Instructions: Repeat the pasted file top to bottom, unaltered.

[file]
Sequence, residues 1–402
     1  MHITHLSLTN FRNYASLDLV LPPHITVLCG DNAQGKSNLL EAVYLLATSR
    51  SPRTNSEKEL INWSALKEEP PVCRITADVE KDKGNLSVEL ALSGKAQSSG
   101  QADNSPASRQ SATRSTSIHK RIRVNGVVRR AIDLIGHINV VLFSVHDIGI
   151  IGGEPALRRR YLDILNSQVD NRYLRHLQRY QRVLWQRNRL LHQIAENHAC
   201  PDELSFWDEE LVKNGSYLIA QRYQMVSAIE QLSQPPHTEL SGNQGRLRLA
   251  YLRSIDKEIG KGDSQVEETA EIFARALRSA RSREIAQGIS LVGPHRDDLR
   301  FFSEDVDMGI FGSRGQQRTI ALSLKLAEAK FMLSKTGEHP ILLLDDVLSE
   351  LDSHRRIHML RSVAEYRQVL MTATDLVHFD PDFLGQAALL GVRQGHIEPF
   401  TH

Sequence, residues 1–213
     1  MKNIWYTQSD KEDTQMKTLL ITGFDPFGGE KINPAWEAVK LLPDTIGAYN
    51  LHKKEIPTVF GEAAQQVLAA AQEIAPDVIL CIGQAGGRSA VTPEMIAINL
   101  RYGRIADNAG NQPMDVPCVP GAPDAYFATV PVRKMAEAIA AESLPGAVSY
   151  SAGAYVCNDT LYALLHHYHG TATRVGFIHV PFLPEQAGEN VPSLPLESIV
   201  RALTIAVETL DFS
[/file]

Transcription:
Sequence, residues 1–402
     1  MHITHLSLTN FRNYASLDLV LPPHITVLCG DNAQGKSNLL EAVYLLATSR
    51  SPRTNSEKEL INWSALKEEP PVCRITADVE KDKGNLSVEL ALSGKAQSSG
   101  QADNSPASRQ SATRSTSIHK RIRVNGVVRR AIDLIGHINV VLFSVHDIGI
   151  IGGEPALRRR YLDILNSQVD NRYLRHLQRY QRVLWQRNRL LHQIAENHAC
   201  PDELSFWDEE LVKNGSYLIA QRYQMVSAIE QLSQPPHTEL SGNQGRLRLA
   251  YLRSIDKEIG KGDSQVEETA EIFARALRSA RSREIAQGIS LVGPHRDDLR
   301  FFSEDVDMGI FGSRGQQRTI ALSLKLAEAK FMLSKTGEHP ILLLDDVLSE
   351  LDSHRRIHML RSVAEYRQVL MTATDLVHFD PDFLGQAALL GVRQGHIEPF
   401  TH

Sequence, residues 1–213
     1  MKNIWYTQSD KEDTQMKTLL ITGFDPFGGE KINPAWEAVK LLPDTIGAYN
    51  LHKKEIPTVF GEAAQQVLAA AQEIAPDVIL CIGQAGGRSA VTPEMIAINL
   101  RYGRIADNAG NQPMDVPCVP GAPDAYFATV PVRKMAEAIA AESLPGAVSY
   151  SAGAYVCNDT LYALLHHYHG TATRVGFIHV PFLPEQAGEN VPSLPLESIV
   201  RALTIAVETL DFS